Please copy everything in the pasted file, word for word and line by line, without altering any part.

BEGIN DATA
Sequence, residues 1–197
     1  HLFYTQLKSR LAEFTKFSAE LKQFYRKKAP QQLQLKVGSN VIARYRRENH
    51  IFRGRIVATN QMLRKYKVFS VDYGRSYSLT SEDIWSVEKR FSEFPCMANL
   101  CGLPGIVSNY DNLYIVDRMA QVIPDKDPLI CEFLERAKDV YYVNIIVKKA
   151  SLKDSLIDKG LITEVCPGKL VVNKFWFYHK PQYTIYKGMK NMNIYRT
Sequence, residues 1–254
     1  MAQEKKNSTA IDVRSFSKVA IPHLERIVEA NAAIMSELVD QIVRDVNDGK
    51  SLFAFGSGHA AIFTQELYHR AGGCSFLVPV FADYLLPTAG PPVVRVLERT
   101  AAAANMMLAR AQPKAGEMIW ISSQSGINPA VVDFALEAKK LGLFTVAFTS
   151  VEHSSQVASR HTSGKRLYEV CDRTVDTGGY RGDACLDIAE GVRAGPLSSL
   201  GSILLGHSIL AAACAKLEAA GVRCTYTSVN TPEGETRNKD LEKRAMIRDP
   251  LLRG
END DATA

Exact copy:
Sequence, residues 1–197
     1  HLFYTQLKSR LAEFTKFSAE LKQFYRKKAP QQLQLKVGSN VIARYRRENH
    51  IFRGRIVATN QMLRKYKVFS VDYGRSYSLT SEDIWSVEKR FSEFPCMANL
   101  CGLPGIVSNY DNLYIVDRMA QVIPDKDPLI CEFLERAKDV YYVNIIVKKA
   151  SLKDSLIDKG LITEVCPGKL VVNKFWFYHK PQYTIYKGMK NMNIYRT
Sequence, residues 1–254
     1  MAQEKKNSTA IDVRSFSKVA IPHLERIVEA NAAIMSELVD QIVRDVNDGK
    51  SLFAFGSGHA AIFTQELYHR AGGCSFLVPV FADYLLPTAG PPVVRVLERT
   101  AAAANMMLAR AQPKAGEMIW ISSQSGINPA VVDFALEAKK LGLFTVAFTS
   151  VEHSSQVASR HTSGKRLYEV CDRTVDTGGY RGDACLDIAE GVRAGPLSSL
   201  GSILLGHSIL AAACAKLEAA GVRCTYTSVN TPEGETRNKD LEKRAMIRDP
   251  LLRG